In 1967, the government of South Africa minted the gold krugerrand to increase the marketing of South African gold. Although the krugerrand is considered as legal currency in South Africa, it is rarely used for that purpose. Instead, it has become a favorite of coin collectors all over the world, known as “medal coins.” This was the first coin to be valued at the monetary value of gold, or the current rate of gold prices.
For example, a U.S. silver dollar is worth exactly one dollar unless it is unusual in some way that makes it more valuable to collectors. The krugerrand was originally a one-ounce piece of 22 carat gold with no monetary value imprinted on it; its value is based upon the market gold price that frequently fluctuates. Today krugerrands are made in a variety of weights, including half-ounce, quarter-ounce and one-tenth ounce.
Coin dealers and collectors often obtain krugerrands through estate sales. The price that the dealer or collector will pay depends upon the current gold market price on that particular day. For example, imagine that a family man invests in buying 100 krugerrands when the gold prices are $300 per ounce. When the man dies ten years later, the value of the krugerrands will be based upon gold prices at that time.
Like any investment, buying gold krugerrands is never a “sure thing.” When the man dies, gold may be priced at $150 per ounce, meaning that the family will have lost money on the investment. However, gold prices may well be $700 per ounce, giving the family a sizeable return on the investment if they decide to sell the krugerrands. In cases like this, probate attorneys recommend that surviving heirs consult a coin dealer about the fluctuation of gold prices; knowing when to sell and when to hang on is a matter that requires professional consultation.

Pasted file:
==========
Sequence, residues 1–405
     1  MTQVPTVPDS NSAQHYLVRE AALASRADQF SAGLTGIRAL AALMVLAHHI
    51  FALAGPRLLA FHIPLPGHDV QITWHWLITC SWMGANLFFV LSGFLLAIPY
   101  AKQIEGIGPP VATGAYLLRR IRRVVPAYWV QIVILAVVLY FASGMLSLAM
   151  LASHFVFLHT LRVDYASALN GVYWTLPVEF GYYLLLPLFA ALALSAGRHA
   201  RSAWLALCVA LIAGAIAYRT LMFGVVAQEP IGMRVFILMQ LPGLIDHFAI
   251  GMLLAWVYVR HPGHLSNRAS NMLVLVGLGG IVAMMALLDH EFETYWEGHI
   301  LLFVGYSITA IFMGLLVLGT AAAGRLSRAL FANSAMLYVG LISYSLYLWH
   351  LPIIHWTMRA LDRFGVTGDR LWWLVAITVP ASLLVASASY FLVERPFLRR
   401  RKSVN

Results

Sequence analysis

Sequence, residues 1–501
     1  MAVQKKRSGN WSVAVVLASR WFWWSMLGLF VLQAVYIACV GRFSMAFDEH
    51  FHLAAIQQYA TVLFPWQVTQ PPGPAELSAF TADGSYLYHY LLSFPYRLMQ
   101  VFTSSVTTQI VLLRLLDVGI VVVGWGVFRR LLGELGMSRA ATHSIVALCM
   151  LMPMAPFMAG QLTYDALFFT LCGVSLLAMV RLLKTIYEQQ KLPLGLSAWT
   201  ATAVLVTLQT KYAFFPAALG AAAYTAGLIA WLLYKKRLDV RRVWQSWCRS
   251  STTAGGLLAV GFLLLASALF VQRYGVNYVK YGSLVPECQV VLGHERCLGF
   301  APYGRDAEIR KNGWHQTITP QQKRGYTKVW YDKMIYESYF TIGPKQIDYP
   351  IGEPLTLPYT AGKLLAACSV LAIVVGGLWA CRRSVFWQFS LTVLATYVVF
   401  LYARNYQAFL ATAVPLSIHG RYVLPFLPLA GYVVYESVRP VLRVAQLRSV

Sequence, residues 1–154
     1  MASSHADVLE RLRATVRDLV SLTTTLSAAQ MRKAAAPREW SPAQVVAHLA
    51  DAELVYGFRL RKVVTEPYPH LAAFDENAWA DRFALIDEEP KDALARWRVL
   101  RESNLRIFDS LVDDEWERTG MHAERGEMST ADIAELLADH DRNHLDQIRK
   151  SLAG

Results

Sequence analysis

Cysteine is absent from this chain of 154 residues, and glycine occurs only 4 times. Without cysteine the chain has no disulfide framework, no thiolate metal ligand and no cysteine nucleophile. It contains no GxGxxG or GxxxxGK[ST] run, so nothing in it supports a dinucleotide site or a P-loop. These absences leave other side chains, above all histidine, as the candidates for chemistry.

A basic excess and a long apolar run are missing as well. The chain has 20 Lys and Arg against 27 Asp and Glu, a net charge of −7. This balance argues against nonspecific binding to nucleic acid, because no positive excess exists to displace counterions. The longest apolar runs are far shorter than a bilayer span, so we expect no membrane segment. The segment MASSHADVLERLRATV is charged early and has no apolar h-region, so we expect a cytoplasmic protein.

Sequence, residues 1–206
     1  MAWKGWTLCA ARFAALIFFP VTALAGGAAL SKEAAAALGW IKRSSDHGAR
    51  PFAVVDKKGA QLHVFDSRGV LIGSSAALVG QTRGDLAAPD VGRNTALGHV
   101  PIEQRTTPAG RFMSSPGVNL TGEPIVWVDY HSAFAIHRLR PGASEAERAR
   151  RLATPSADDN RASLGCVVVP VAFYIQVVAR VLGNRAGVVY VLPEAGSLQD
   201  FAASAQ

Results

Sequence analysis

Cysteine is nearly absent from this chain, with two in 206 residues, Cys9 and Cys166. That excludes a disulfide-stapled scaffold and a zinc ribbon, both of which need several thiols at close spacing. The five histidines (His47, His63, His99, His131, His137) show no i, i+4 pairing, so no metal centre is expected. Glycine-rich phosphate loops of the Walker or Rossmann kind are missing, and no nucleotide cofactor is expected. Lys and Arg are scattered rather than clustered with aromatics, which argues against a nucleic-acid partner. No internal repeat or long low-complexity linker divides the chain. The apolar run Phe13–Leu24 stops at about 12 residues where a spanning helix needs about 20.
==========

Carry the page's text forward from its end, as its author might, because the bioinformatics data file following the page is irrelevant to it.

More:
If you buy gold krugerrands as an investment, keep in mind that these coins are 22 carat gold; an extremely high grade in quality. Pure gold, at 24 carats, is too soft to be minted so it is “cut” with various amounts of metal to make it hard enough to mint. Novice investors often make the mistake of comparing the gold prices for jewelry items made from 18, 14, or 12 carat gold with the gold price or market value of the 22 carat krugerrand. All gold is not created equal!
The South African krugerrand was the prototype model for other one-ounce coins like the Canadian Gold Maple Leaf, the Australian Nugget, the Mexican Gold Peso, and the United States Golden Eagle. Since these coins are not as widely available as investments as the krugerrand is, they are sometimes subjects of counterfeiting. Have a coin consultant investigate the current gold price, the authenticity of the coin, and the coin’s carat weight.